kinds of drugs and its side effects

Training Tuesdays: Hitting a Wall

Lucrezia Borgia, poisoner -- my role model?

A friend asked me the other day, “So, how’s the dog training going.” That gave me pause. Not because I have any doubts about our trainer, Crystal Saling, who is talented, smart and an advocate (as I am) of positive methods. But at the beginning of the first session we had after my trip to San Diego and Santa Barbara, during which I let all training lapse, I found myself asking Crystal if we could do something that didn’t stress Frankie.

What I didn’t say was: “Or me.”

Hmmm. Early on, I was worried about my clicking abilities, but I seem to have mastered that skill. So what am I concerned about now?

To recap.

Dog M.O.

Frankie can be described as a fearful dog, but that’s a pretty broad term. His fearfulness doesn’t manifest in aggression towards other dogs or humans. Mostly it means he avoids other dogs (and people) when we’re outdoors, only growling and snarling if they literally get in his face.

He does bark and growl at people and dogs who invade our personal space: House, backyard, hotel room… But that only happens when I’m around —  people whom I’ve asked to check in on him while I’m away report that he totally ignores them — and he settles down pretty quickly.

He doesn’t like car rides and he doesn’t like the street noise outside my house.

General goals

To make Frankie’s life — and our life together — better.

Purely projective, no doubt paranoid assessment

So far I have made Frankie’s meal times and treat times unpleasant and caused him to fear the backyard.

I guess the good news is that I know for a fact he is miserable because I have become much better at reading his body language.

Reality check

I should explain: The key challenge to training Frankie is that he is diabetic, which means that I can’t reward him with food at any old time of the day. In order to keep his blood sugar regulated, he is supposed to eat two meals, twelve hours apart, no snacking. With the permission of the vet, I also give him a bit of food in mid-morning when a blood glucose curves determined his sugar is lowest. This is not to prevent hypoglycemia (dangerously low blood sugar) but to make me feel better about depriving him of food all day long.

I have therefore been opening the door and getting Frankie accustomed to the street noise while he eats. Because it’s essential for him to eat in order for him to take the insulin, those mealtimes, especially those in the mornings when he’s not always hungry, have always a bit stressful for me. Now I guess we’re in the same boat.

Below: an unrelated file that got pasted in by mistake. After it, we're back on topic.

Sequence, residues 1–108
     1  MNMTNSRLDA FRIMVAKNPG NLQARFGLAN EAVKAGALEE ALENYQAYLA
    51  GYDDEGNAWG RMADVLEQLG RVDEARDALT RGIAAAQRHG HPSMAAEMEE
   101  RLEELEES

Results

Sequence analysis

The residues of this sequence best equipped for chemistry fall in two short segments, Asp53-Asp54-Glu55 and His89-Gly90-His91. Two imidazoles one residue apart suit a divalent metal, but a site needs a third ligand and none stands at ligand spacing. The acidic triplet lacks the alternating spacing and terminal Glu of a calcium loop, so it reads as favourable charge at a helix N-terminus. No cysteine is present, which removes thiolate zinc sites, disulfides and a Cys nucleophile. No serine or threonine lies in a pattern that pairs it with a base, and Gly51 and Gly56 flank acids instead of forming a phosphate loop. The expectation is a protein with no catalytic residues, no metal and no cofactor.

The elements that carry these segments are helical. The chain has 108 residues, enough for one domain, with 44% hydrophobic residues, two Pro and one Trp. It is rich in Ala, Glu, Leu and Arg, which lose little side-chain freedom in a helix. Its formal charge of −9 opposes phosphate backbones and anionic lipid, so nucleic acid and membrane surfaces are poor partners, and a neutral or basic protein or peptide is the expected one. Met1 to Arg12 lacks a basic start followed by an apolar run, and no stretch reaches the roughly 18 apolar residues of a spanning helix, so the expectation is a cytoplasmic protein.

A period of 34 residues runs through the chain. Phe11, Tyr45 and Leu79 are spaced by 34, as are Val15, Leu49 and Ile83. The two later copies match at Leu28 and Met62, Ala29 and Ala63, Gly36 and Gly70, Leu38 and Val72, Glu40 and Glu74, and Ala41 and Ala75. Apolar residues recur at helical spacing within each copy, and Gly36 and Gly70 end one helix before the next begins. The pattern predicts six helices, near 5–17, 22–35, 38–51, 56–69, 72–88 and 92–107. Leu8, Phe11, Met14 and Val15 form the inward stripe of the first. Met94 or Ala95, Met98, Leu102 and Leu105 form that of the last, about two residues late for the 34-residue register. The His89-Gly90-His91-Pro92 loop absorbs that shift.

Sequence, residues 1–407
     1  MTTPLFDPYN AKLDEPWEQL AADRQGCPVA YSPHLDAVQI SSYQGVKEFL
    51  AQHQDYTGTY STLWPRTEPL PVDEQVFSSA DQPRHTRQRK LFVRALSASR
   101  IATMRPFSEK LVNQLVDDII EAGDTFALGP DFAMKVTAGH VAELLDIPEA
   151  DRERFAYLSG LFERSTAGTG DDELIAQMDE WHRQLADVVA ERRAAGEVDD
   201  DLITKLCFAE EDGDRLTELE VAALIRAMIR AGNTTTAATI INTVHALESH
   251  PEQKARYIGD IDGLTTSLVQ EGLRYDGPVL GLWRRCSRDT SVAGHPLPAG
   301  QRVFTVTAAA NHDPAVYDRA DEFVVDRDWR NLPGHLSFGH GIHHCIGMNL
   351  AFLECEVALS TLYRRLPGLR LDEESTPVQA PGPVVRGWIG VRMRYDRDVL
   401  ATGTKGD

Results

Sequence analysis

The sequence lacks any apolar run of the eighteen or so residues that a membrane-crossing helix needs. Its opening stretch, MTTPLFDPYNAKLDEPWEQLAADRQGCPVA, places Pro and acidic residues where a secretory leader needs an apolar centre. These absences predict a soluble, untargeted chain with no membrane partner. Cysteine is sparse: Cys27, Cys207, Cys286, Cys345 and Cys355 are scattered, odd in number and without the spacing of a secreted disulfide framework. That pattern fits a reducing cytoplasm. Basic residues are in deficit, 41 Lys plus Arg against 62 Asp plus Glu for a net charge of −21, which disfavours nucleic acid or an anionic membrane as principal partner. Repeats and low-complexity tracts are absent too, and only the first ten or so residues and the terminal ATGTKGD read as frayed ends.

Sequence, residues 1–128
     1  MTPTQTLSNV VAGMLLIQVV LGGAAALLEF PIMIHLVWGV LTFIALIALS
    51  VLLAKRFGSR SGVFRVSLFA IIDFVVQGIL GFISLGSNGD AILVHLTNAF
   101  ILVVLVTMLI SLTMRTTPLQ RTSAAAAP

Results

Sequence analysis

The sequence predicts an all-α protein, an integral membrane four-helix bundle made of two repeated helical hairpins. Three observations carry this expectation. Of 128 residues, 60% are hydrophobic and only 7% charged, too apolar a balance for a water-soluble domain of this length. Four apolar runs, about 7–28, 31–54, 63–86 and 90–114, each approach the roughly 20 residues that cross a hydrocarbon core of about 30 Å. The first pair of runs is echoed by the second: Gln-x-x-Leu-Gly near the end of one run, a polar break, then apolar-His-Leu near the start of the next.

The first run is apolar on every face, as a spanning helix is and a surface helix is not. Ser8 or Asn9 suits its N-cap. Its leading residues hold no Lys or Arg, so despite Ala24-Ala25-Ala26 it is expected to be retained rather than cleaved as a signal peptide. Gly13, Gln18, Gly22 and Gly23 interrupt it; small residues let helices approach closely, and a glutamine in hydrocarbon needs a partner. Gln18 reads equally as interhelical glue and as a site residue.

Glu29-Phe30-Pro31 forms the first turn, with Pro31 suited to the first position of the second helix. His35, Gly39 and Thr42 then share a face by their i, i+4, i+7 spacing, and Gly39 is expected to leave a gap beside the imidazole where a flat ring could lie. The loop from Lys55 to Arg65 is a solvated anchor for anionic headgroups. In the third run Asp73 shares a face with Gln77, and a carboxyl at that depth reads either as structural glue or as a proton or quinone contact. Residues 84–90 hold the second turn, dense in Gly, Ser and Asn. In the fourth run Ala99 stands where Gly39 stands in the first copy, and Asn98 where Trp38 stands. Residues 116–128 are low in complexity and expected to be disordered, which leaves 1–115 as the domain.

And for our morning walks, to which I drive Frankie, I have been parking the car in the back, where it is quieter, so Frankie won’t associate car rides with the noise out front. Instead of making Frankie happier about getting into the car, however, it has made him unhappier about going into the backyard.

Crystal has suggested various antidotes for what she has termed my “poisoning” of this formerly pleasurable space and I plan to use them, but in the meantime I feel terrible that I have become the Lucrezia Borgia of dog owners.

Practical question

Can I really blame Frankie for being afraid of the car now when I’ve just hauled him off to undisclosed locations — though I kept assuring him that San Diego and Santa Barbara were lovely — for what must have seemed like endless hours? I don’t know his past. Frankie might have spent his first five years with a long distance truck driver who sold crack cocaine and used him as a front.

Philosophical question

This relates to my Friday Focus question about whether dogs require a social life with other dogs.  Frankie is nearly 12 years old. I give him plenty of exercise, good food, medical attention, and love. It would be wonderful if he enjoyed the car and if he enjoyed other dogs. He provides me with great joy and I’d like to reciprocate.

But just how happy is happy enough?

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21 Comments

  1. Posted June 29, 2010 at 7:19 am | Permalink

    I would be very happy if I could spend just 2 hours a week driving a Porsche 959. Maybe someday I’ll be able to do that, but for now my shortest path to real happiness is being able to drive to work without spiking my blood pressure – in other words learning to be happy and comfortable with what I have and what I have to deal with every day.

    • Edie Jarolim
      Posted June 29, 2010 at 7:26 am | Permalink

      Exactly my point. The before-training status quo was ok with me and, I think, with Frankie. So at what point do I, uh, let sleeping dogs lie?